An A-Z Guide to Meetings in NEVADA
Ask the roughly 52 million people who visited Nevada last year why they made the trip, and you’d likely hear every answer under the sun.
After all, sunshine (and all the golf, swimming, and outdoor recreation that come with it) are key ingredients of the state’s popularity.
Then again, you’d probably hear just as much about the countless indoor entertainment, like fine dining, nightclubs, big-name shows and gaming, not to mention meetings and conventions, about 24,000 of which were held last year in Las Vegas alone, accounting for more than 6.2 million attendees.
The reality is that Nevada is a vast, diverse state, with as many reasons to visit as there are, well, visitors. “The best thing about Nevada is the variety,” says Knud Svendsen, vice president of sales and marketing for the Reno-Sparks Convention & Visitors Authority. “From indoor to outdoor, daytime to nighttime, there is a broad array of activities. The list is pretty much endless.”
“What makes Las Vegas unique is the number of options available,” says Michael Goldsmith, director of convention sales for the Las Vegas Convention and Visitors Authority (LVCVA). “Even if you’ve been here multiple times, when you come back next time, there are going to be new things.”
While so many options add up to excellent opportunity for meeting planners, it also means that the possibilities can get a bit overwhelming. To simplify things, we developed this A-to-Z guide to some of the main reasons to hold a meeting in Nevada, regardless of whether you want to take your group on a cattle stampede (under “D,” for dude ranch, below); on a dinner-dancing cruise on a lake (under “W” for water); or through some of the most famous bars and nightclubs in the world (see “U” for ultra).
AS IN ART
Nevada’s art scene has flourished in recent years, combining a vibrant f fringe scene (Nevada is home to Burning Man, every Labor Day, as well as the Vegoose music festival, near Las Vegas, on Halloween) with a remarkable array of world-class art at the Bellagio Gallery of Fine Art, which can be used for private showings and special events.
In Reno, the Truckee River Arts District, along the river’s banks near downtown, has art galleries, boutique shops and lounges and bars. And the Nevada Museum of Art, a four-story complex with paintings and sculptures, has a roof-top patio and views of the Sierra Nevada mountains for groups of up to 500.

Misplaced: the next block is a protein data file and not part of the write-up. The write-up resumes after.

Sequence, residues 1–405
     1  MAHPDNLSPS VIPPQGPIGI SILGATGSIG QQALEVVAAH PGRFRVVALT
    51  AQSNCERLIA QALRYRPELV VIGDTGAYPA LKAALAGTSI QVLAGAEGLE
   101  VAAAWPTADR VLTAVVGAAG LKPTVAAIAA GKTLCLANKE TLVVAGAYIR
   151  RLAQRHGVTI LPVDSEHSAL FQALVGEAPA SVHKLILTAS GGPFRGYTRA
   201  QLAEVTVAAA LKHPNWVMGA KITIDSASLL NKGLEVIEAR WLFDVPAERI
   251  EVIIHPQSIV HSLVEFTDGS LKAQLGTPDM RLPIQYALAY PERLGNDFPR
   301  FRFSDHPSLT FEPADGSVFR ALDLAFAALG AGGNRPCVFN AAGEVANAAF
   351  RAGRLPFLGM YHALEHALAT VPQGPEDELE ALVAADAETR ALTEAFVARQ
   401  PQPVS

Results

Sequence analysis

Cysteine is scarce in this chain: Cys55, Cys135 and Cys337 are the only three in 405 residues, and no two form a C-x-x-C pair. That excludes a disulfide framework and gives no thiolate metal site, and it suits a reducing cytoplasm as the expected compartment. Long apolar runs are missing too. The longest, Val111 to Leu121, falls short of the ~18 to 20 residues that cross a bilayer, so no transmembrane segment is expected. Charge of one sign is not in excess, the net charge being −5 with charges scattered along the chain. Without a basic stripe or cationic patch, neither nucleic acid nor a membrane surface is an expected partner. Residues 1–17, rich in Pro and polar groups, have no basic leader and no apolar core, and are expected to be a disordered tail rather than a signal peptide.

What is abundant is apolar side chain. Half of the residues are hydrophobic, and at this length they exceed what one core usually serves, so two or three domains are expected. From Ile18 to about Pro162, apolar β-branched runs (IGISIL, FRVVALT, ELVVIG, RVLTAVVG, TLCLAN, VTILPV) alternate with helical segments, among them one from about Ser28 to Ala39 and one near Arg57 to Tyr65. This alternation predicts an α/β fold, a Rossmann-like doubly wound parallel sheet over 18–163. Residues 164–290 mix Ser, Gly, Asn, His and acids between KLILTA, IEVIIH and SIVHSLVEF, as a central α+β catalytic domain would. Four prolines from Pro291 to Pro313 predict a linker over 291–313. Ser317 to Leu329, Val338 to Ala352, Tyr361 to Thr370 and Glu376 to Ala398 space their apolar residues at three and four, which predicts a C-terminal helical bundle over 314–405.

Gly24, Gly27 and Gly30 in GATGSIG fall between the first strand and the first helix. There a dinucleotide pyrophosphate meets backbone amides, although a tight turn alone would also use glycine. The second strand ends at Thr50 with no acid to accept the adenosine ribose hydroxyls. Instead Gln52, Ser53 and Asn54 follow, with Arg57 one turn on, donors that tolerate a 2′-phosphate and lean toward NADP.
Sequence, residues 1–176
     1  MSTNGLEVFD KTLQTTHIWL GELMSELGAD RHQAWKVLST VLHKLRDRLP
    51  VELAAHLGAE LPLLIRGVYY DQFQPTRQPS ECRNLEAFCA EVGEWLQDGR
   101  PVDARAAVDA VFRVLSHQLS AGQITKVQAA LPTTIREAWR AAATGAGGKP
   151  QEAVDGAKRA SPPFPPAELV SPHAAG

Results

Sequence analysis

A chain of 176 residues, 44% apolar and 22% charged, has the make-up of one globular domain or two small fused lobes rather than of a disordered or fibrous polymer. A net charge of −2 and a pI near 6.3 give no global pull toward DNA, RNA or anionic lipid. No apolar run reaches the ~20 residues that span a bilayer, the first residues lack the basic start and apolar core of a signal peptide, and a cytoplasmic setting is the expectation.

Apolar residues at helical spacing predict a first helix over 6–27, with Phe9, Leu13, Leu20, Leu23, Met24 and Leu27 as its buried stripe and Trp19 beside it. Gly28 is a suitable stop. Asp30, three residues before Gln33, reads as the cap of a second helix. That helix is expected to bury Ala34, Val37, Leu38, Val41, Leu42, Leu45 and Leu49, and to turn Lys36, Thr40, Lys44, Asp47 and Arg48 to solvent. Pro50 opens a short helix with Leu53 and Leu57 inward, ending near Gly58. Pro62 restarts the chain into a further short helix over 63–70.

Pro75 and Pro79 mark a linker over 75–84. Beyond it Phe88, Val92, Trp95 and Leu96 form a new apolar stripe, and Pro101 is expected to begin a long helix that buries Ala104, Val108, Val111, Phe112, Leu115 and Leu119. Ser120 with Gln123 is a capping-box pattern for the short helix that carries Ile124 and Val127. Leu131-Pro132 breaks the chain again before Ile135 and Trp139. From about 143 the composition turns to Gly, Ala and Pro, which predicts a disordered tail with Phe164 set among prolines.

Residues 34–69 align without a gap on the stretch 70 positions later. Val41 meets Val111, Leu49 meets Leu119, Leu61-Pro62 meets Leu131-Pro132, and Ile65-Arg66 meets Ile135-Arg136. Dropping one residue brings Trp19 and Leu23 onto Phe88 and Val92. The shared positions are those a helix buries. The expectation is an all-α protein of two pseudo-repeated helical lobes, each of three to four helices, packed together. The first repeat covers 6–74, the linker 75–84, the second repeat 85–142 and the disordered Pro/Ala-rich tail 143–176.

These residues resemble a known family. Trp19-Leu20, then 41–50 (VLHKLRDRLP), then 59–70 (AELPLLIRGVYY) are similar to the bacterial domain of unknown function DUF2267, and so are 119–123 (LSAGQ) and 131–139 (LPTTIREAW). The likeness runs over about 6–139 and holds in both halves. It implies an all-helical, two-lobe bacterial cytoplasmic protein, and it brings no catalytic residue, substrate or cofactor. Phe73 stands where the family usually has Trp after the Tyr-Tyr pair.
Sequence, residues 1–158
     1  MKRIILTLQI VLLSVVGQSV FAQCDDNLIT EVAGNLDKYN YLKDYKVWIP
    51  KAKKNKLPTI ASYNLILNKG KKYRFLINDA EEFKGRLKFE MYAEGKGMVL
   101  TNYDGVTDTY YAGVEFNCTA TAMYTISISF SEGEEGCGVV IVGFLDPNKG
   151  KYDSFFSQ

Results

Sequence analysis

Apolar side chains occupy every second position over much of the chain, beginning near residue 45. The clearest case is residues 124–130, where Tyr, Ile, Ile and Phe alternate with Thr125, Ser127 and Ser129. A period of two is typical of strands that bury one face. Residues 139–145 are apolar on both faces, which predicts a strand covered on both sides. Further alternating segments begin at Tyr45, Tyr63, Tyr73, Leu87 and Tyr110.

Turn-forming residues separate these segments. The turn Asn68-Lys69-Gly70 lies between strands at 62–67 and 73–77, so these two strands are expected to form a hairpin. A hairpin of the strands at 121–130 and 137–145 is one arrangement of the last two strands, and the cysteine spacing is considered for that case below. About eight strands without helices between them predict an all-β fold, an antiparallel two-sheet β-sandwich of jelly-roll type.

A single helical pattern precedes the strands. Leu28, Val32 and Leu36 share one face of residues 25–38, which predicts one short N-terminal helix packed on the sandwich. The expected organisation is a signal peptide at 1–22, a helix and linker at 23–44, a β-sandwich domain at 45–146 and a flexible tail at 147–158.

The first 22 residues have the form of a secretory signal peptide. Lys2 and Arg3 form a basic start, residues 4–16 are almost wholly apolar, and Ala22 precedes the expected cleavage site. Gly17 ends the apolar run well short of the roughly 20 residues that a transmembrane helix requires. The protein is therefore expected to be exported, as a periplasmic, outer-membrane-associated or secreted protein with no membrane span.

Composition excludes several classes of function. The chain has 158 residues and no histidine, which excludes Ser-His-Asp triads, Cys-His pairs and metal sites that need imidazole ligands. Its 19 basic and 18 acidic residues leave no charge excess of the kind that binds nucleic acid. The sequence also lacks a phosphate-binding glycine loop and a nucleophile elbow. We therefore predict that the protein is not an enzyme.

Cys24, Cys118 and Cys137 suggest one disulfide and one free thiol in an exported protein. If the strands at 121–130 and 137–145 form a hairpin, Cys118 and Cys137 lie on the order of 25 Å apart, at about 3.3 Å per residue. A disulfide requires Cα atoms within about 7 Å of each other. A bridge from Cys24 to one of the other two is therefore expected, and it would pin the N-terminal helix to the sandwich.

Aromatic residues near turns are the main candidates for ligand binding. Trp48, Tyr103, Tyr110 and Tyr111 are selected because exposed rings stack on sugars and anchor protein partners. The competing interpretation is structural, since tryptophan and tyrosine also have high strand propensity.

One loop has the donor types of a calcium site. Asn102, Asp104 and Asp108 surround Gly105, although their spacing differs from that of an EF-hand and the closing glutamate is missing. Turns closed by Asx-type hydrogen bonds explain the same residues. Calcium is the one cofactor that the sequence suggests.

AS IN BOWLING
Nevada is a nationally renowned mecca for one of the most under-rated team-building activities around: bowling. Reno’s National Bowling Stadium is known as the “Taj Mahal of Tenpins,” featuring 78 championship lanes, disco lighting and stadium lighting—a perfect setting for groups of up to 2,000 to hold an unforgettable tournament. There’s even a 172-seat theater for presentations. Vegas also has various bowling options, including Lucky Strike, a hip bowling alley/nightclub at the Rio All-Suite Hotel and Casino, with oversize couches, neon and retro bowling posters.
AS IN CASINOS
While many Nevada hotels have downplayed the importance of casinos in their overall business, most visitors to Nevada will want to spend at least a little time shaking the dice or watching cards flip. To avoid attrition for a conference or convention, leave plenty of free time in your agenda for people to drop by the casino if they so desire. Or consider tying gaming into the meeting somehow: most of the larger hotels can help to arrange on-site tournaments in poker, craps or slots, and many also provide sessions to teach groups how to play.
AS IN DUDE RANCH
Far from the ultra-lounges and high-end spas of the cities, there is another Nevada, a vast, untamed country where cow chips are more common than poker chips, and where team-building retreats are bound to be memorable. The 71 Ranch, north of Elko, offers groups of 12–15 people an authentic working cattle ranch experience on 38,000 acres in Nevada’s “Buckaroo Country”; the remote Cottonwood Guest Ranch can arrange horse and cattle drives, pack trips or other cowboy-themed activities.
AS IN ENTERTAINMENT